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Tuesday, September 21, 2010

The Original Berenstain Bears

Hard rain early Monday afternoon, after which I was expecting clear skies and cool air. But no, the air got warmer. Here we are practically at the equinox and summer tugs back. Today was positively summer, up to and including temps at nearly 90 F. and a summer-style thunderstorm around dusk, though not one with a lot of wind or lightning displays.

Ann has been reading a lot of Berenstain Bears books lately, which isn't a bad thing, but I have noticed how relentlessly didactic most of the titles are. Such as The Berenstain Bears [each title begins with those words, or the possessive Bears']... Go to the Doctor; Visit to the Dentist; Trouble With Friends; Trouble With Money; and the Messy Room; and Too Much TV; and Too Much Junk Food; Learn About Strangers; Forget Their Manners; Trouble at School; and the Bad Habit; and on and on.

Those aren't the books I remember reading as a kid. Before Stan and Jan Berenstain went all educational with their series sometime in the 1970s, they created more entertaining bear books, though of course the point was to encourage children to read. The early bear books also relied on that old trope, as old as Plautus and probably older, of the dimwitted father leading his family into trouble.

In The Bears' Picnic (1966), for instance, the father bear tries to find a picnic spot, only to be driven away each time by a smoky locomotive, a mass of other picnickers, an enormous swarm of mosquitoes, a dump truck that dumps garbage on them, a jet that flies right over them, and then a sudden thunderstorm while they are on the top of a hill. It's the one-damn-thing-after-another style of storytelling, with not a moral in sight, at least not explicitly. Each page is vividly drawn, as are the expressions of the bears: the father is befuddled in the later style of Chevy Chase, and the mother's expression grows angrier and angrier without saying anything. She has exactly four lines in the entire book, after she takes it upon herself to head home with her son and let the father bear be hit by lightning. Hit on the butt, a perfect detail for kids.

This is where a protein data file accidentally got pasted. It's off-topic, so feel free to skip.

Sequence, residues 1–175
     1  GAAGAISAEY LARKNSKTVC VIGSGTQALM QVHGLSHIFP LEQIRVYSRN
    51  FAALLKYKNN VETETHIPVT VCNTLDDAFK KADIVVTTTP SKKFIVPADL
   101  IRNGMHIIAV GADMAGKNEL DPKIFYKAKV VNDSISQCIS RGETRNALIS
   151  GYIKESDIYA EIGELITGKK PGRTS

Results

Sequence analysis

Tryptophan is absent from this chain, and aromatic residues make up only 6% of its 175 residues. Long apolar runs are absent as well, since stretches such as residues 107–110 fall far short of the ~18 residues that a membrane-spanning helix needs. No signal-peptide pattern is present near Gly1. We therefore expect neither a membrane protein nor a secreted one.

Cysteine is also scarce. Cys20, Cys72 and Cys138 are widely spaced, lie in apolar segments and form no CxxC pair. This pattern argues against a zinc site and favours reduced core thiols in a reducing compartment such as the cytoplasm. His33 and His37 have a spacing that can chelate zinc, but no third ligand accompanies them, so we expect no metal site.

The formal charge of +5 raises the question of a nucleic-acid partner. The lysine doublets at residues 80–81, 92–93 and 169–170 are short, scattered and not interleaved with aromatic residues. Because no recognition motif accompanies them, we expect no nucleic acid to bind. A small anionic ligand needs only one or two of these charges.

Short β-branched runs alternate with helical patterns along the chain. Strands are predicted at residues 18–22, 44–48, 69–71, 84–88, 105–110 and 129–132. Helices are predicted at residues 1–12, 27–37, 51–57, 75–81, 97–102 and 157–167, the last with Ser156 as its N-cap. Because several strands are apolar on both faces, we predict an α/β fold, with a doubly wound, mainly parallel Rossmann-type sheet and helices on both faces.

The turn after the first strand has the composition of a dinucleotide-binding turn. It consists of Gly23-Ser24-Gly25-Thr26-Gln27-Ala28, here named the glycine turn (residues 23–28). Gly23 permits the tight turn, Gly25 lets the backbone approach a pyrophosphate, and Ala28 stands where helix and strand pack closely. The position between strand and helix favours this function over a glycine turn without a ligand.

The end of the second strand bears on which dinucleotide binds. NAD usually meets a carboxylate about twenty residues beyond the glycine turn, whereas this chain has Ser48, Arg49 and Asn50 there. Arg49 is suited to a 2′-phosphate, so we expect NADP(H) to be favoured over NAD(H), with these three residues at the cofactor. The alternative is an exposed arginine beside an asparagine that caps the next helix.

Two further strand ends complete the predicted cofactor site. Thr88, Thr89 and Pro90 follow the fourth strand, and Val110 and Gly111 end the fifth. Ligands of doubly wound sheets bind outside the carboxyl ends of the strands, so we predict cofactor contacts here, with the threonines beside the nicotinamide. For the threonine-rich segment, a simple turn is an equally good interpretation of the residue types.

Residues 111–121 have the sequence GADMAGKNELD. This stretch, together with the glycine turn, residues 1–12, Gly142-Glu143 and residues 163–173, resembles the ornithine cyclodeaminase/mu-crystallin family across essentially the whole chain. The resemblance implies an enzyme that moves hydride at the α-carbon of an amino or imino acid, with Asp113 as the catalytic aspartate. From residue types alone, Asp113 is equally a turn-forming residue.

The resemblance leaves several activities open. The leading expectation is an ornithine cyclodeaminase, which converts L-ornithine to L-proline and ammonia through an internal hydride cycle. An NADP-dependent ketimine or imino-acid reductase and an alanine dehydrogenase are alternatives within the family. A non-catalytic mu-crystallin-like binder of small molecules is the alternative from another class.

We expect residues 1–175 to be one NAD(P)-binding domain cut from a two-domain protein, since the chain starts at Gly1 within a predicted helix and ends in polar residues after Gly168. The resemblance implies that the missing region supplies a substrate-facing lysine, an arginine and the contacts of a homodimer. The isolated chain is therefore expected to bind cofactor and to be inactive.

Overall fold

The older titles are constantly checked out of the library, so I finally reserved The Bears' Picnic and The Big Honey Hunt (1962) for Ann's amusement, and we got them today during our Tuesday run to the library. I'm glad to report that she was much amused by them.

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Monday, September 20, 2010

The Leaves Haven't Even Fallen Yet

"Daddy, do you want to come to my tea party?" asked Ann, setting up her plastic cups, saucers and teapot not long ago.

"I've got to work up some rage against the federal government first," I said. I couldn't resist. She ignored me, because children are wise in the ways of ignoring politics. I sat with her a few minutes and drank some air tea.

Over the weekend I made it to a warehouse store to pick up a few items, but mainly to eat free samples. There's an aisle of Christmas goods on display already. Just one aisle, which will certainly expand later.

I played a little game: find an item not made in China. It was hard. The most elaborate made-in-China Xmas item was a Nativity set that promised it was "hand-painted," "antique style," and complete with "faux gold leaf accents." I guess that last one would involve gold-colored paint.

Elsewhere was a Lighted Santa -- maybe better to look at from a distance, and on a dark December night -- Ornamental Lanterns in various styles, and LED lights in diverse arrays: icicle-style, along with 100- and 50-light strings. But my own favorite were the flameless candle sets, which sport LED flame-like flickers, a vanilla scent, and remote control. Just how many settings do these flameless candles have, to be operated by remote control? The box didn't say.